THE EICC has announced a long-term partnership with RSPB Scotland, part of the RSPB, the UK’s largest nature conservation charity, to support peatland restoration in Scotland. The initial 5-year partnership, which both organisations expect to be extended beyond the 5-year term, will see £1 for every conference delegate, and 50p for every dinner guest attendee go to RSPB Scotland. The EICC hopes that the initiative could contribute in the region of £300,000 during its first five years.
The partnership is part of the EICC’s commitment to mitigate operation impact associated with holding large scale events at the venue. Marshall Dallas, EICC CEO, said: “The climate crisis is something every organisation and business leader needs to address, and working towards the highest standards of sustainability in the industry is something we have been working hard on for the last few years. It matters deeply to us, to our clients who choose to bring their conferences and events to Edinburgh, and to the attendees of those events.”
“People, including many of our delegates, come to Scotland from across the world to experience the natural environment here, so it’s important for us to positively contribute. Last year, we hosted TED’s global Countdown Summit here, which drove home how pressing environmental concerns are, and we’re really pleased to announce the partnership with RSPB Scotland today, following months of talks about getting the initiative right for everyone concerned.”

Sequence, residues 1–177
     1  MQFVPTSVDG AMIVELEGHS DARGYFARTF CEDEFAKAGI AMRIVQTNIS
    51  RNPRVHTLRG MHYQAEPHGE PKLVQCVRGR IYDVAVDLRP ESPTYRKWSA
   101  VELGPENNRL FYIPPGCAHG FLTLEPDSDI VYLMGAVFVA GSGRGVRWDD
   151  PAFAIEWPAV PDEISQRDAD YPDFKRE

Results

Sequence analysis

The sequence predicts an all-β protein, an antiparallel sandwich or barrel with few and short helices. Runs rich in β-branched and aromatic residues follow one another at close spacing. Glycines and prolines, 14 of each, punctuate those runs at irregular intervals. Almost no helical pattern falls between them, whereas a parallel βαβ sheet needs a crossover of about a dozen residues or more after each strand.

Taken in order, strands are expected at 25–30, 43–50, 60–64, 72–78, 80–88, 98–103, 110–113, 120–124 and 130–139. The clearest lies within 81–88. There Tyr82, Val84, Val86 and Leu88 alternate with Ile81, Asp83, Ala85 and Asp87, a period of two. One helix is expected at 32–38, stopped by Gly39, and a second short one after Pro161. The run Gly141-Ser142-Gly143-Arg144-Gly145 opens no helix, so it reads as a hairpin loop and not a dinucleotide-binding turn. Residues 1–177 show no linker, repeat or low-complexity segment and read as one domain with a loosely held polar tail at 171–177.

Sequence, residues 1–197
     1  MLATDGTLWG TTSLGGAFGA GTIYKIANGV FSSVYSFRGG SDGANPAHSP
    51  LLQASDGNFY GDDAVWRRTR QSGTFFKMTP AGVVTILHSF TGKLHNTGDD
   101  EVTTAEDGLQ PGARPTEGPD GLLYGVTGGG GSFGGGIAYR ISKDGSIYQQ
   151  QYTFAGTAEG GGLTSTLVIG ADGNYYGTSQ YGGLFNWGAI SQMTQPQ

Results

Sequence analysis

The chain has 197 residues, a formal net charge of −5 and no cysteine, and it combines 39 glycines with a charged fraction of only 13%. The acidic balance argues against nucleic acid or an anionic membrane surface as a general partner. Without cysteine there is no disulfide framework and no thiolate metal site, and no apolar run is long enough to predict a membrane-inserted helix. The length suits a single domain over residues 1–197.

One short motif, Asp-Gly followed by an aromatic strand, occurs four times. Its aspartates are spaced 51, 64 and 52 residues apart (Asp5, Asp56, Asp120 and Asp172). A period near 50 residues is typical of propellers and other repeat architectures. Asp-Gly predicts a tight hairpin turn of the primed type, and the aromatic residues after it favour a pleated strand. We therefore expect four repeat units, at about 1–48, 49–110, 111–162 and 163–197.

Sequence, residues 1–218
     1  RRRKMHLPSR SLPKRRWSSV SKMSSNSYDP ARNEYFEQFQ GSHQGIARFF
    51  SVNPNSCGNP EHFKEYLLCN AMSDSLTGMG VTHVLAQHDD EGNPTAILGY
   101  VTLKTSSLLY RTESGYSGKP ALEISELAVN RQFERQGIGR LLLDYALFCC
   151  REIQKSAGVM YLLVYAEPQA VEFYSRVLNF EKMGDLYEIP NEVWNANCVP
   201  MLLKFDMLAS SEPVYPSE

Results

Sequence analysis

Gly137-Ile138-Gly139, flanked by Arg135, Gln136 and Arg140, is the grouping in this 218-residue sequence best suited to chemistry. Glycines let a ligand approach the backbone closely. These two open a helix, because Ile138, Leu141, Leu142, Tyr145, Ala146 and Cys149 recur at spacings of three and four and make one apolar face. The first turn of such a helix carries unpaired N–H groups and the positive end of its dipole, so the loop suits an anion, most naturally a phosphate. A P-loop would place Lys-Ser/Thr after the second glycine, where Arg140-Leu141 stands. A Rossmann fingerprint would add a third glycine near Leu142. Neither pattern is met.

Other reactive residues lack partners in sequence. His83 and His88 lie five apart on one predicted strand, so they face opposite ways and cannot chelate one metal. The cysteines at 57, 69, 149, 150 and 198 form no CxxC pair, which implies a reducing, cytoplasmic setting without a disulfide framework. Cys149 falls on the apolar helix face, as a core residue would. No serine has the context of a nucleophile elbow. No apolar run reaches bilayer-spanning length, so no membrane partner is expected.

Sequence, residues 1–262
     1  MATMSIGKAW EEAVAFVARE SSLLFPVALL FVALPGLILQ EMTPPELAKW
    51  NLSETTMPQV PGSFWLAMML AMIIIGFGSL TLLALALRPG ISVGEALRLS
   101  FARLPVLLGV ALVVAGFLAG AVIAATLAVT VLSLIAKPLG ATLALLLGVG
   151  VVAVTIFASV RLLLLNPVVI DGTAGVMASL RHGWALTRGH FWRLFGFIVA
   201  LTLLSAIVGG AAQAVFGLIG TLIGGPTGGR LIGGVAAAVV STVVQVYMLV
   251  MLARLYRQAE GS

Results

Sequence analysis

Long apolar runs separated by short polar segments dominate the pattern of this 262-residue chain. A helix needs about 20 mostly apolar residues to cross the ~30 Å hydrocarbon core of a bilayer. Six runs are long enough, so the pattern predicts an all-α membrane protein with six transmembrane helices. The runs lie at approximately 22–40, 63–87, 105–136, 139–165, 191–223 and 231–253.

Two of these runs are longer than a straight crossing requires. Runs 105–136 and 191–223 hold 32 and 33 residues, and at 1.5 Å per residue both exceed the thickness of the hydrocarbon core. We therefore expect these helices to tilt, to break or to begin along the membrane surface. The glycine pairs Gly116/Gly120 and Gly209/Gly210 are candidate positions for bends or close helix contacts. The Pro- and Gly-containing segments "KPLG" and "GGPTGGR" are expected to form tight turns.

More than 20 per cent of Scotland is covered by peat, a large proportion of the country’s water filters through the peatlands, and they hold most of Scotland’s carbon store. At the same time, it is estimated that around 80 per cent of the peatlands are in a degraded state.
Anne McCall, Director, RSPB Scotland, said: “While the majority of peatlands are located in the Highlands and Islands, people are often surprised at the close proximity of some peatland locations to our cities and towns. Peatlands provide a unique habitat for wildlife, and play an essential role in farming, crofting, and tourism. The partnership with the EICC is an important one in many ways, and we thank them for their commitment to support the restoration push over the years ahead.”
Aaron McKeen, the EICC’s Sustainability Programme Manager, added: “The plan is for this initiative to make a real positive impact, for projects including habitat restoration, and the funding will be ring-fenced along these lines. Going forward, we will also be working with RSPB Scotland on joint marketing activities, volunteering, and other awareness-raising events so we can make as much of an impression as possible around what is such a pressing issue for Scotland and its future generations.”